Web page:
• "Flex vs. Silverlight" Is A Misnomer

    I was reading over this article that LeGros posted on my recent blog post on Silverlight’s performance for those who had installed the plugin.

    The author does a decent job of laying out the case for both products, after which he draws four possible conclusions.

    1) Flex will continue to dominate the market place.
    2) Silverlight matches Flex’s market share.
    3) Silverlight will fail to gain any significant market share.
    4) More competition will flood the market.

    The author felt that #1 was the most likely outcome. Personally, I think #2 is practically guaranteed. Allow me to explain.

    If you want a platform to take hold, you need three things:

    i) Minimal requirements for installation for the end user,
    ii) Development tools that developers can’t live without, and
    iii) Killer front end apps.

    The author states that “The consumer is the least impacted. For consumers it is simply a matter of downloading the plug-in or not.”. To me, the consumer is potentially the most impacted, since they will have to get that plugin installed in order for the platform to fulfill item #i above.

    IMO, there are two reasons that the Flash player has such ubiquitous adoption: (a) people’s love of punching a monkey in a Flash ad in the late 90’s, and (b) the fact that the Flash player installation is almost seamless. Now, of course, I am being facetious with the “punch the monkey reference”, but the point is that you need some application/gimmick that will make users motivated enough to want your plugin in order to get to it, fulfilling item #iii. As for the seamless install, this was especially true for Windows users where IE would almost magically inhale plugin updates and run the new version immediately without even needing to shut down the browser.

    This is where Microsoft could really take hold from a platform perspective. Since they own Windows, and Windows is clearly king in the OS marketplace in terms of market share, they can get Silverlight out there just by bundling it with Vista and waiting long enough for users to upgrade either their OS or their whole PC. Of course, most of the Vista users are still going to want to punch the monkey and will need the latest Flash player to do so, so that puts the number of Silverlight installations at parity with Flash (for Windows users at least).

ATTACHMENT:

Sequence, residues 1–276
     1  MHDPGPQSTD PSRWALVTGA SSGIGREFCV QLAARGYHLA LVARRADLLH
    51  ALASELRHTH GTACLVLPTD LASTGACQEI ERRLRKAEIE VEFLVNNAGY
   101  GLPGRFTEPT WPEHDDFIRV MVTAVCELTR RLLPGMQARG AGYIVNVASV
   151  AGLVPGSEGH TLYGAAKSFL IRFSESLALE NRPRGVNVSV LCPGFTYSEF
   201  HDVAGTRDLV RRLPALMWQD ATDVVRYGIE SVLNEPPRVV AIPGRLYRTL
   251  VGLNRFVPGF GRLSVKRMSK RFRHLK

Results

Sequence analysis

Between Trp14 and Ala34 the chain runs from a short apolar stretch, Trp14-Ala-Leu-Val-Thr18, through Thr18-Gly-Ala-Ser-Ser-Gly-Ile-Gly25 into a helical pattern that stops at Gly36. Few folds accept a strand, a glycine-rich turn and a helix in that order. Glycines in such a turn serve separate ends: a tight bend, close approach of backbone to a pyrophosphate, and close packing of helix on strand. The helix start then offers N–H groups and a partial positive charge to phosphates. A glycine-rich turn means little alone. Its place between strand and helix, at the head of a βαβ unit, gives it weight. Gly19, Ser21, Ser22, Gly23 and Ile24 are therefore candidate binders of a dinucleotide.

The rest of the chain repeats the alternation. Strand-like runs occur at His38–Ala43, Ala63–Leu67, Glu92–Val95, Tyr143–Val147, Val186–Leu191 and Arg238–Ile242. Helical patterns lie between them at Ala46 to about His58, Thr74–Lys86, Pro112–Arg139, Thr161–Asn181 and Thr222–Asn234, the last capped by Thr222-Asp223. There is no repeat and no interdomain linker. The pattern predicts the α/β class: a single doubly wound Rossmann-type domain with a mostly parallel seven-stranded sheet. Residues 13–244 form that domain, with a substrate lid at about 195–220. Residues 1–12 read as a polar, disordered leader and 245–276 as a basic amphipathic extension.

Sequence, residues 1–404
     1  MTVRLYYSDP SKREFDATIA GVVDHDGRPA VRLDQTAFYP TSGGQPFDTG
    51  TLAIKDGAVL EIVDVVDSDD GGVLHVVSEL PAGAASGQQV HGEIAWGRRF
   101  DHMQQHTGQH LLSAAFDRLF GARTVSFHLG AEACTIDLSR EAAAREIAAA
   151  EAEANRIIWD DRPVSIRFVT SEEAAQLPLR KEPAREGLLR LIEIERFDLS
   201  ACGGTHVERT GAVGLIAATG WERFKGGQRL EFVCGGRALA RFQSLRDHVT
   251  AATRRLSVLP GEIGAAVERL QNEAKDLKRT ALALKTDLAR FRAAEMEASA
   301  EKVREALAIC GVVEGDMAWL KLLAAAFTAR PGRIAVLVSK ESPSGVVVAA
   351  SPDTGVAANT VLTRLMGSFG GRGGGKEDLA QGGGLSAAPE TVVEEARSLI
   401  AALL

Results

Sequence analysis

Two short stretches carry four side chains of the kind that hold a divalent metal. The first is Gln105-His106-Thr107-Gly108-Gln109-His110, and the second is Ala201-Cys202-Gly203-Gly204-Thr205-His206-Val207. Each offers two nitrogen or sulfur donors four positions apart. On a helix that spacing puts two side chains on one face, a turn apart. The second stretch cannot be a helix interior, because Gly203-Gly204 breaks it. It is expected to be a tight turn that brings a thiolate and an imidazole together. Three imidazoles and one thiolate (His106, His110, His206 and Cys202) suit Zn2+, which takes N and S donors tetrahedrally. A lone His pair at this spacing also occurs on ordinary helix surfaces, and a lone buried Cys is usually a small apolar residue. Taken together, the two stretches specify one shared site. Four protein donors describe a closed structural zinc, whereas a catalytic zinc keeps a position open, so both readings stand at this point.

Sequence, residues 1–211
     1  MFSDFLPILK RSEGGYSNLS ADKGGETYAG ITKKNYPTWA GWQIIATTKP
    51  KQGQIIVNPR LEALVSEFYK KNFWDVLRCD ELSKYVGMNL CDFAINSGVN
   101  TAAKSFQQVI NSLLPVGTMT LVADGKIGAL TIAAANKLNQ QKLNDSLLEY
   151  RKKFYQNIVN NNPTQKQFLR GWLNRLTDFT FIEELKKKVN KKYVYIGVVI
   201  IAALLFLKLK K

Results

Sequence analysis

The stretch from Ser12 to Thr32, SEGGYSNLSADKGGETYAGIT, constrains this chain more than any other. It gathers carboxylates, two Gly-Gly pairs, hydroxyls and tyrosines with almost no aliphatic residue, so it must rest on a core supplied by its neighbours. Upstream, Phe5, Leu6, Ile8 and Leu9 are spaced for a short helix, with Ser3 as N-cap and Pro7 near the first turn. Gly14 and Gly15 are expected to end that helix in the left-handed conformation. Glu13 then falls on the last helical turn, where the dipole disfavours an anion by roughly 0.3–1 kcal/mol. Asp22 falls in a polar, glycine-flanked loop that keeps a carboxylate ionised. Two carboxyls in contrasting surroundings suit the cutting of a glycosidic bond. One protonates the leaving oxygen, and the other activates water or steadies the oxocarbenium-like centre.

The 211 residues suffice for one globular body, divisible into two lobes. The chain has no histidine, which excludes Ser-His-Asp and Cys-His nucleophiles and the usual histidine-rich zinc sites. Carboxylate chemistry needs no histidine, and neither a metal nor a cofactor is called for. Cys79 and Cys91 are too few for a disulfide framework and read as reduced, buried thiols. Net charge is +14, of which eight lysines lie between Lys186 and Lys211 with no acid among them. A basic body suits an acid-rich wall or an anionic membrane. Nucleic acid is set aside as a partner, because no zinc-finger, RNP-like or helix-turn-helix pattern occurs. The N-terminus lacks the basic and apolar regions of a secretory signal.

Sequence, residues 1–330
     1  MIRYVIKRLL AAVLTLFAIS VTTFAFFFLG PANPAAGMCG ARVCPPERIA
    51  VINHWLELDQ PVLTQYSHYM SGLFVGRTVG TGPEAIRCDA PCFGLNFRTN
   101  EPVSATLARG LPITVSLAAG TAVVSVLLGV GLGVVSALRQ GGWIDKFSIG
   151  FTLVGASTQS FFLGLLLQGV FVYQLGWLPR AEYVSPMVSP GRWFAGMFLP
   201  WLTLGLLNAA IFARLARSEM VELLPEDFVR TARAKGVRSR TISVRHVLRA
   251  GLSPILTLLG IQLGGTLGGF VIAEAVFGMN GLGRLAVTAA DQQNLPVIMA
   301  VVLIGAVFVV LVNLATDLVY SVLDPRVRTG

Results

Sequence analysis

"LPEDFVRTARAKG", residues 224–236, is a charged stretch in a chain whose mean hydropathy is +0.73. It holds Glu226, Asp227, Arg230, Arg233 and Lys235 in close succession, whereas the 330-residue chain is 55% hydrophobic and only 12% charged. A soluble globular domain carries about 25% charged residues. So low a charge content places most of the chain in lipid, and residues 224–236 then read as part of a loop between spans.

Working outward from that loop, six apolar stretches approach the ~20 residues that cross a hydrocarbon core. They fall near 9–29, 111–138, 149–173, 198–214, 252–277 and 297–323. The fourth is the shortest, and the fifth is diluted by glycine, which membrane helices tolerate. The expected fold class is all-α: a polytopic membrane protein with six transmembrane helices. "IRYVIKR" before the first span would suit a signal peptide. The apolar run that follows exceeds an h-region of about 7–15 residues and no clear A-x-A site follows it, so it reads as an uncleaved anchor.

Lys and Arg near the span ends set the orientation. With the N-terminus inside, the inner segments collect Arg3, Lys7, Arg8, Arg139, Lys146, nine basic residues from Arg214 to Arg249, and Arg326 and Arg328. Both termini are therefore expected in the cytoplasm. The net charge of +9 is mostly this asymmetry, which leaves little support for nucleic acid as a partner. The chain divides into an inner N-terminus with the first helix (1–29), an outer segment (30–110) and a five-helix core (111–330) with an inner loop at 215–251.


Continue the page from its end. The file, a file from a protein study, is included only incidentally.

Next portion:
Next, we’ve got to worry about development tools. Well, Microsoft doesn’t have much to worry about there. At least amongst my network of professional colleagues, Visual Studio ranks as one of the most powerful and loved development environments on the planet. Add Silverlight capabilities to this and throw in a healthy quantity of C# and VB coding capabilities coming in Silverlight 2.0, and requirement #ii has been covered as well.

    The only thing left to do will be to come up with a Silverlight “punch the monkey” equivalent for non-Windows users. As developers start creating killer apps in Silverlight, it will only be a matter of time before non-Windows users will want one of these apps badly enough to install the Silverlight plugin. If Microsoft can really focus on user experience here they can win over users on any platform. Of course, that might be a pretty big “if” based upon past experience, but I believe they can pull it off based upon the positive movement that took place in Vista (at least for decently spec’d machines).

    So, what does this mean for Flex vs. Silverlight? It means that in all likelihood, Microsoft’s best grab of the market will be about 80-90% of installed OS users, most (if not all) of whom will already have Flash as well or will get it soon after plugging in their new computer. I don’t think Silverlight is going to offer anything to Flex/Flash developers that will make them jump over to Silverlight development or vice versa, so all the guys coding in Flash and AS3 today will be coding in Flash and AS3 after Silverlight 2.0, and all the guys working with .NET today will start producing more Silverlight apps instead of HTML apps because the rich capabilities in Silverlight will be so much cooler than what the browser can deliver alone today.

    Of course, the proof is already in the pudding. Look at RIA development shops like Cynergy Systems and EffectiveUI; they aren’t building apps in Flex or Silverlight, they are building apps in both depending purely upon the need. I’d bet a kidney that Universal Mind would also be developing in Silverlight today if it weren’t for the fact that they are such a close Adobe Solutions Partner (of course, I could be totally off base here – but I think not).

    So, my final word on the subject is that there are plenty of desktops ready to receive Silverlight, plenty of developers ready to code in it, and plenty of action left in the Flex/Flash space for all those guys to be enjoying life too. This may be one of the few cases where it doesn’t matter which technology you want to go with – they will all be as ubiquitous as each other since they run cross-platform. Long live Flex AND Silverlight.

    As somebody who started as a Java developer, this explosion of cross-platform front-end technologies is really something wonderful for me to see in my career. Java held the promise of cross-platform capability but really only ever delivered it on the server side. Now that Flex and Silverlight are here, we finally get to have first-class support for cross-platform capabilities in the front-end as well – and nothing makes developers happier than lots of people using their apps.

    Category: Uncategorized | Tags: